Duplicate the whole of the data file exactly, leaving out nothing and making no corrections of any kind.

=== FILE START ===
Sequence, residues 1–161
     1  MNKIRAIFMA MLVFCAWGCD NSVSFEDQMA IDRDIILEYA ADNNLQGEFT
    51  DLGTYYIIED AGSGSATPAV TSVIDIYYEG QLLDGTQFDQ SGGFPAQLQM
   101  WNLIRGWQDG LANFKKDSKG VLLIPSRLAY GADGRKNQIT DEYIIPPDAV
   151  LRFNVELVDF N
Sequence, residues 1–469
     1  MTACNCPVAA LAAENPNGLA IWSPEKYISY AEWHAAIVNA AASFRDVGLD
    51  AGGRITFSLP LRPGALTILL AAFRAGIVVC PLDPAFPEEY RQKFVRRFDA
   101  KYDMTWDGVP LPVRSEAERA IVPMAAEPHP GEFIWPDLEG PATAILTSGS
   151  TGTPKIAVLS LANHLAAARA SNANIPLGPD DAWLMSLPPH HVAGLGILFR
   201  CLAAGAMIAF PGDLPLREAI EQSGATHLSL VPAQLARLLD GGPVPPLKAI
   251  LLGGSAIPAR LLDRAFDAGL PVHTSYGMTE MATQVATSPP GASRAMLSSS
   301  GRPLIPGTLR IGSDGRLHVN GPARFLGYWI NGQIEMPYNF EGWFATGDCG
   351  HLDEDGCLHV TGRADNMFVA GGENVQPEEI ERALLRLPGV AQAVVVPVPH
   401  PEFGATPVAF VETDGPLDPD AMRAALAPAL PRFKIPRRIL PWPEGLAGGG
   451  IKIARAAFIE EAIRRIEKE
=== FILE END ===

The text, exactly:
Sequence, residues 1–161
     1  MNKIRAIFMA MLVFCAWGCD NSVSFEDQMA IDRDIILEYA ADNNLQGEFT
    51  DLGTYYIIED AGSGSATPAV TSVIDIYYEG QLLDGTQFDQ SGGFPAQLQM
   101  WNLIRGWQDG LANFKKDSKG VLLIPSRLAY GADGRKNQIT DEYIIPPDAV
   151  LRFNVELVDF N
Sequence, residues 1–469
     1  MTACNCPVAA LAAENPNGLA IWSPEKYISY AEWHAAIVNA AASFRDVGLD
    51  AGGRITFSLP LRPGALTILL AAFRAGIVVC PLDPAFPEEY RQKFVRRFDA
   101  KYDMTWDGVP LPVRSEAERA IVPMAAEPHP GEFIWPDLEG PATAILTSGS
   151  TGTPKIAVLS LANHLAAARA SNANIPLGPD DAWLMSLPPH HVAGLGILFR
   201  CLAAGAMIAF PGDLPLREAI EQSGATHLSL VPAQLARLLD GGPVPPLKAI
   251  LLGGSAIPAR LLDRAFDAGL PVHTSYGMTE MATQVATSPP GASRAMLSSS
   301  GRPLIPGTLR IGSDGRLHVN GPARFLGYWI NGQIEMPYNF EGWFATGDCG
   351  HLDEDGCLHV TGRADNMFVA GGENVQPEEI ERALLRLPGV AQAVVVPVPH
   401  PEFGATPVAF VETDGPLDPD AMRAALAPAL PRFKIPRRIL PWPEGLAGGG
   451  IKIARAAFIE EAIRRIEKE